Rear Window (1954) - News Poster

(1954)

News

Costuming Hitchcock: An Extract from Hitchcock’s Heroines by Caroline Young

Author Caroline Young has just released a fascinating new book entitled Hitchcock’s Heroines (published by Insight Editions). It celebrates and studies the women in Hitchcock movies; their influence, semblance and iconography. What’s more, Young also examines the role costume design plays with these women, both the characters and the actresses who played them, and how they can be interpreted as far more than just ‘icy blondes’. Here we have an extract of the book exclusively for Clothes on Film:

Kim Novak’s grey suit the colour of San Francisco fog in Vertigo, Grace Kelly as the too-perfect woman in Rear Window, and Janet Leigh’s black and white sets of underwear to indicate both good and evil in Psycho – these are just some of the classic imagery of Alfred Hitchcock’s films, where the style and elegance of his leading lady was carefully planned.

Hitchcock was meticulous about the visuals,
See full article at Clothes on Film »

A24 Delayed ‘Under the Silver Lake’ Until December — and It’s Another Smart, Radical Move for the Distributor

On Friday morning, with little fanfare, A24 announced that David Robert Mitchell’s sprawling film noir, “Under the Silver Lake,” would no longer be released June 22. Instead, it’s been pushed to December 7. Nor was the company interested in discussing the six-month time shift. A24 spokeswoman Nicolette Aizenberg only responded to our query with a cryptic email: “Indeed we moved the date.”

However, in a company known for smart and radical moves, this appears to be another one. Here’s why.

1. Cool Cannes reception

Mitchell had plenty of reasons to be grateful to the festival for supporting his first two films, “The Myth of the American Sleepover” and “It Follows,” which both played Critics Week. Positive reaction for his debut gave Mitchell the confidence to quit his editing job and focus on getting “It Follows” made. The festival “helped to make that happen,” he told me at an American Pavilion panel at Cannes.
See full article at Thompson on Hollywood »

A24 Delayed ‘Under the Silver Lake’ Until December — and It’s Another Smart, Radical Move for the Distributor

A24 Delayed ‘Under the Silver Lake’ Until December — and It’s Another Smart, Radical Move for the Distributor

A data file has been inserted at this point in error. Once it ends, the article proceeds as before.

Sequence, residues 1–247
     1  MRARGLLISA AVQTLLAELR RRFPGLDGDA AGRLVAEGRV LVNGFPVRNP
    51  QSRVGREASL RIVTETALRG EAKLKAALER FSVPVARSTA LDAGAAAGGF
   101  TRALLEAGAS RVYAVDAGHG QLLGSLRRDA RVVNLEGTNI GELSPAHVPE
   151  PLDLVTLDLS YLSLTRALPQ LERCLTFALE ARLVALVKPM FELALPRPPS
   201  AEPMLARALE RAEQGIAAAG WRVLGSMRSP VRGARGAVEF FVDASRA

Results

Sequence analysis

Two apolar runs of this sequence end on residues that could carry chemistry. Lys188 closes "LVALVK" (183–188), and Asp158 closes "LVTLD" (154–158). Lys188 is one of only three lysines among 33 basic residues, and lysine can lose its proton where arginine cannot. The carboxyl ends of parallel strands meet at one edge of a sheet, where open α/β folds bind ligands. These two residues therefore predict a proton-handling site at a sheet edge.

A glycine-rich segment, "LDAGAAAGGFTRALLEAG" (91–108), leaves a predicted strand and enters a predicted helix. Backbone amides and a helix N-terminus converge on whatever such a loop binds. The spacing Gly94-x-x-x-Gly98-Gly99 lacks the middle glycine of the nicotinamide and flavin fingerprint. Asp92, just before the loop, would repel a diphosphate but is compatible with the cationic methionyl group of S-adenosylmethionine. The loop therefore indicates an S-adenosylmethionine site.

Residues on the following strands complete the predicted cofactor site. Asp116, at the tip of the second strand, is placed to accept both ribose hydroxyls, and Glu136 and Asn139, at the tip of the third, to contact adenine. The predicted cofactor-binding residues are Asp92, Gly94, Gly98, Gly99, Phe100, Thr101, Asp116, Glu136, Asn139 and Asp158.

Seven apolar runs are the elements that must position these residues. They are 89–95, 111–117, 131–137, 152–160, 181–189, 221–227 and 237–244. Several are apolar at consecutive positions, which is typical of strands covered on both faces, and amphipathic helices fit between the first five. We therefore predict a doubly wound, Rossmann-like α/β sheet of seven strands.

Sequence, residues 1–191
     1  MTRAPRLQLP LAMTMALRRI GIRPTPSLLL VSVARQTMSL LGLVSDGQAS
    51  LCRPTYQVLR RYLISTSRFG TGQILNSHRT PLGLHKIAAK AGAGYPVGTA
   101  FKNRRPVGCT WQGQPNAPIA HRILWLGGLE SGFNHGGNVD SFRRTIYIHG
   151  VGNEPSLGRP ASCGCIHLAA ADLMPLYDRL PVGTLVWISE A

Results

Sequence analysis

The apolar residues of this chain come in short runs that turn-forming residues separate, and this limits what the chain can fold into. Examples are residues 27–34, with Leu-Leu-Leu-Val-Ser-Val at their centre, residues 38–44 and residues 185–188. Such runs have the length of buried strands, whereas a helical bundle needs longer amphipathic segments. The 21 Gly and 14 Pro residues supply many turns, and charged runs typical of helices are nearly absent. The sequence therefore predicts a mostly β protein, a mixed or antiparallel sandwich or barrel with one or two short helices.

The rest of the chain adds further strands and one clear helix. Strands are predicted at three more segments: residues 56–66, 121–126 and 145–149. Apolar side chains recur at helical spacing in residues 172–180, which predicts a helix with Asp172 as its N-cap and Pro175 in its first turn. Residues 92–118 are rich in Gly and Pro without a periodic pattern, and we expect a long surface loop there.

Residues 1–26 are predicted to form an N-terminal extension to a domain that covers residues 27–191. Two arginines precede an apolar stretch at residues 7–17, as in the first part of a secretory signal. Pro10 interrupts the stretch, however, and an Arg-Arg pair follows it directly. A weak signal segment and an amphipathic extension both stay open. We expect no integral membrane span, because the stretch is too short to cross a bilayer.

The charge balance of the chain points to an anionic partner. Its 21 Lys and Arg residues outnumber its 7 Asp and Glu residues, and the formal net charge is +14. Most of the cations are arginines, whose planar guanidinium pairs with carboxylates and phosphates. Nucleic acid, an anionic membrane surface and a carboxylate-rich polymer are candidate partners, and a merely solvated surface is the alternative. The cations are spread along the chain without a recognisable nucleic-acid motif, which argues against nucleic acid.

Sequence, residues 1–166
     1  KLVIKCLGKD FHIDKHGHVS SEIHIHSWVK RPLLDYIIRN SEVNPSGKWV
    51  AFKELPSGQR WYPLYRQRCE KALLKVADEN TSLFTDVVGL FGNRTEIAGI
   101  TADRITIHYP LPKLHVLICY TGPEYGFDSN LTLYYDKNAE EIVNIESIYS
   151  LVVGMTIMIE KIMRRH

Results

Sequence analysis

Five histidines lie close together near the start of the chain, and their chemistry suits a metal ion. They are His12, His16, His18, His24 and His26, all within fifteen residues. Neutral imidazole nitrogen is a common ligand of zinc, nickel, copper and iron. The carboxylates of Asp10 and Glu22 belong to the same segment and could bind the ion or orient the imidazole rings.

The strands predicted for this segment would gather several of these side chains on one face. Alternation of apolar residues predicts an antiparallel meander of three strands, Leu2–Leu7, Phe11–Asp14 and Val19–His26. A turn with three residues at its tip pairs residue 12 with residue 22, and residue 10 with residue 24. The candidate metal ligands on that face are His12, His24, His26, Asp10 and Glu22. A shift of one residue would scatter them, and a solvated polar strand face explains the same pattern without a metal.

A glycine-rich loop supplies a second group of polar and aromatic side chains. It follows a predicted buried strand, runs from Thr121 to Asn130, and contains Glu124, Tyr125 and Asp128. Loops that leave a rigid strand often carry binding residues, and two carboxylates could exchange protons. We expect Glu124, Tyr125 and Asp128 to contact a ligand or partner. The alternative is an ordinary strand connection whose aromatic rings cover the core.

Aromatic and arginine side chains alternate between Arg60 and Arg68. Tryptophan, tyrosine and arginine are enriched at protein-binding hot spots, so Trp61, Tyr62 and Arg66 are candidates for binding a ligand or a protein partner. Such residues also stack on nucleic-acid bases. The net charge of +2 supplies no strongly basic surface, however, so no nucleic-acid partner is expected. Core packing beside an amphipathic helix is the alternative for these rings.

On Friday morning, with little fanfare, A24 announced that David Robert Mitchell’s sprawling film noir, “Under the Silver Lake,” would no longer be released June 22. Instead, it’s been pushed to December 7. Nor was the company interested in discussing the six-month time shift. A24 spokeswoman Nicolette Aizenberg only responded to our query with a cryptic email: “Indeed we moved the date.”

However, in a company known for smart and radical moves, this appears to be another one. Here’s why.

1. Cool Cannes reception

Mitchell had plenty of reasons to be grateful to the festival for supporting his first two films, “The Myth of the American Sleepover” and “It Follows,” which both played Critics Week. Positive reaction for his debut gave Mitchell the confidence to quit his editing job and focus on getting “It Follows” made. The festival “helped to make that happen,” he told me at an American Pavilion panel at Cannes.
See full article at Indiewire »

Cannes Film Review: ‘Under the Silver Lake’

Cannes Film Review: ‘Under the Silver Lake’
When I tell you that “Under the Silver Lake,” David Robert Mitchell’s seductive and disturbing Los Angeles head-trip noir, is basically a sustained homage to David Lynch, and that Mitchell achieves the exact look and mood and pace and vibe he’s going for, you may think that it’s the kind of movie you’re going to get excited about. To a degree, you should. But the comparison comes with a major qualifier: There are moments when “Under the Silver Lake” evokes David Lynch the tranced-out Hollywood Babylon yarn-spinner of “Mulholland Drive” — but mostly, it’s an homage to the Lynch who gnaws on the weirder fringes of the everyday-surreal, the Lynch of “Lost Highway” or even, at times, the reboot of “Twin Peaks.”

“Under the Silver Lake” is a down-the-rabbit-hole movie, at once gripping and baffling, fueled by erotic passion and dread but also by the code-fixated opacity of conspiracy theory.
See full article at Variety - Film News »

Blu-ray Review: The ‘Burbs (Collector’s Edition)

When it comes to the movies that get replayed frequently in my house, Joe Dante’s The ‘Burbs is easily amongst the top five on that list. A darkly comedic send-up of suburban horror and Alfred Hitchcock’s Rear Window, similar to many other great films of its time, The ‘Burbs was vastly overlooked during its release, only to find vindication in the decades that followed, as fans have continually caught up with its brilliant hilarity. Shout Factory recently put together a gorgeous Collector’s Edition for The ‘Burbs and while I’m grateful for how wonderful it looks, I must say the real treat here for longtime fans is the workprint version of the film, which is endlessly fascinating for those of us who know the theatrical version inside and out. And that’s what I’m going to be digging into for most of this review just because
See full article at DailyDead »

Amy Adams to Star in Thriller 'The Woman in the Window'